Luxury hotels, upscale residential neighborhoods, a modern airport, a 345-meter tower … Egypt hopes to impress the world with its new capital in the desert, a project yet far from unanimous.
“We have a dream,” a very urgent dream to go outside the administrative capital and outside of Cairo, and right now we are realizing that dream’‘ says Khaled El Husseiny, who is charged by the authorities with presenting the site to about 15 foreign journalists during an official visit.
Some 45 kilometers east of Cairo, between the Suez and Ain Sokhna roads, a few trucks are working on new tracks that wind through a vast expanse of almost virgin sand.
We had a dream, a very urgent dream to go outside the administrative capital and outside of Cairo, and right now we are realizing that dream.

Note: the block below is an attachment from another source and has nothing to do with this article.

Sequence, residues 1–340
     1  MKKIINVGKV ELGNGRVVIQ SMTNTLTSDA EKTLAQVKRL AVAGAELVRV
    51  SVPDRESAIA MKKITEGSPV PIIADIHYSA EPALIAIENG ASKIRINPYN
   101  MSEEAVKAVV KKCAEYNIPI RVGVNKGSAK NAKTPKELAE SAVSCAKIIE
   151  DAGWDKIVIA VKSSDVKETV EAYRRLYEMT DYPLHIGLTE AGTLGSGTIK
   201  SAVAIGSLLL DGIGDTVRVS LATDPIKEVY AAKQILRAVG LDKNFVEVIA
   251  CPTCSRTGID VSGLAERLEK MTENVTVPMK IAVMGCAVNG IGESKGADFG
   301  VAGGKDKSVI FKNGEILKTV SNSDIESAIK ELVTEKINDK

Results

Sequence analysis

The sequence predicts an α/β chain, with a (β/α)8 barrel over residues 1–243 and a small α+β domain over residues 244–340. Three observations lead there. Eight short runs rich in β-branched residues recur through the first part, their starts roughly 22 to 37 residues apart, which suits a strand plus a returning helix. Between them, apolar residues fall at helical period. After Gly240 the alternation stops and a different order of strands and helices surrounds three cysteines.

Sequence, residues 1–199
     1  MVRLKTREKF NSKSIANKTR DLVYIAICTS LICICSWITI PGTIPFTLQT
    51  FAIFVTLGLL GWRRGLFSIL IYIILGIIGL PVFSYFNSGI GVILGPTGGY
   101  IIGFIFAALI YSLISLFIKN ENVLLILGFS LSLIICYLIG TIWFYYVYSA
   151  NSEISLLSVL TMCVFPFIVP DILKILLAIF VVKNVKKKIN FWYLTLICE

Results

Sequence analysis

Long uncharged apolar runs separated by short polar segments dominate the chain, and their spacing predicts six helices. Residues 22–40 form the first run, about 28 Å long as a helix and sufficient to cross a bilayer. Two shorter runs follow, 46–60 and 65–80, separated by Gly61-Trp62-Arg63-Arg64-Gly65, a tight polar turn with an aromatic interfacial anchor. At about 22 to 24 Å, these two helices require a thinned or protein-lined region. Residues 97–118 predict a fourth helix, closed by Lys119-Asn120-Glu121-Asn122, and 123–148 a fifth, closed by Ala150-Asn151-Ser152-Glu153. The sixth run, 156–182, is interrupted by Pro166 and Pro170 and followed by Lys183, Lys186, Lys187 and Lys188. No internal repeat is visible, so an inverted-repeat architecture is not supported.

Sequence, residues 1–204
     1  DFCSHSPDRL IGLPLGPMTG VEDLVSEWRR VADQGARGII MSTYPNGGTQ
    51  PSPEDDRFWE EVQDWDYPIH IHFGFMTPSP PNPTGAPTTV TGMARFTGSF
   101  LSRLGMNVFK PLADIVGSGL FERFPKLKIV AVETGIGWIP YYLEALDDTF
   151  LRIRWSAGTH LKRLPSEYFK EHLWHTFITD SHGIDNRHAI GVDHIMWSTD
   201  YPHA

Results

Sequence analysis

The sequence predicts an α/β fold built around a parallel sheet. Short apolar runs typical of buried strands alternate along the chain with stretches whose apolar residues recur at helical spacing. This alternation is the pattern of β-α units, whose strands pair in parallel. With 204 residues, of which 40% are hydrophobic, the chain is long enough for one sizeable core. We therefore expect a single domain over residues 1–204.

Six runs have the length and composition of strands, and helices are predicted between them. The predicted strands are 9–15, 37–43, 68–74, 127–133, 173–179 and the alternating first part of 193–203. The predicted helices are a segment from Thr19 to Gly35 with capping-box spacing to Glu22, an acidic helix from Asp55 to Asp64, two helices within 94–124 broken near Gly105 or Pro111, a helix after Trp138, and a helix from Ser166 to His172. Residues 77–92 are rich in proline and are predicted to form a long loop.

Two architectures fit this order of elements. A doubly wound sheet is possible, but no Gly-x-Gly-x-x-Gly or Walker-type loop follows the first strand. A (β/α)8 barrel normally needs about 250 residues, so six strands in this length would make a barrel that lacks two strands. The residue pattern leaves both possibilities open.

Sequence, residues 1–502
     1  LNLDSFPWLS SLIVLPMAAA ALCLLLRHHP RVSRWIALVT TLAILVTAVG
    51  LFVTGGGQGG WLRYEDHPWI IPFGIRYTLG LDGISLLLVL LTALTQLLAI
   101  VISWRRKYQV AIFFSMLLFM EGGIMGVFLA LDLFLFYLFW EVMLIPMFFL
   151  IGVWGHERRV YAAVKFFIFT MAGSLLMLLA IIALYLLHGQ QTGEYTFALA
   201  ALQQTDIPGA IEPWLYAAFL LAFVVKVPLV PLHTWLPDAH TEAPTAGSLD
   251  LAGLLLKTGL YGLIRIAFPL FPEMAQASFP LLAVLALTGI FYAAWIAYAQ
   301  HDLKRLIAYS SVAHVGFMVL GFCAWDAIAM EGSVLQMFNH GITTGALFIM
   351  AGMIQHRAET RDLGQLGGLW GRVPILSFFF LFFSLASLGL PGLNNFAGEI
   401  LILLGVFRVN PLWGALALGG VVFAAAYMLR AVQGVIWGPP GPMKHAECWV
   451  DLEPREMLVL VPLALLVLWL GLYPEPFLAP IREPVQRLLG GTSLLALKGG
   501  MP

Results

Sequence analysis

On the site of the future headquarters of the Council of Ministers, the workers are working on the construction of what will be the government district, supposedly to house the presidential palace, the Parliament, 32 ministries and several embassies.
“I work more than twelve hours a day on this bogus shipyard where no one comes to see us,” says one of them, the complexion and a mask wrapped around the head to protect the sun.
“Do you want to go on TV?” “Then go back to work!” Exclaims the foreman furiously.
Announced in 2015 by President Abdel Fattah al-Sissi, this new capital officially entered in October in its first phase of design. Of about 170 km2, it is expected to be partly operational by 2019 and gradually accommodate more than 6 million inhabitants.
The authorities say they want to respond to the overcrowding in Cairo, known for its endless traffic jams. With its 18 million inhabitants, Greater Cairo should see its population increase to 40 million by 2050, according to official figures.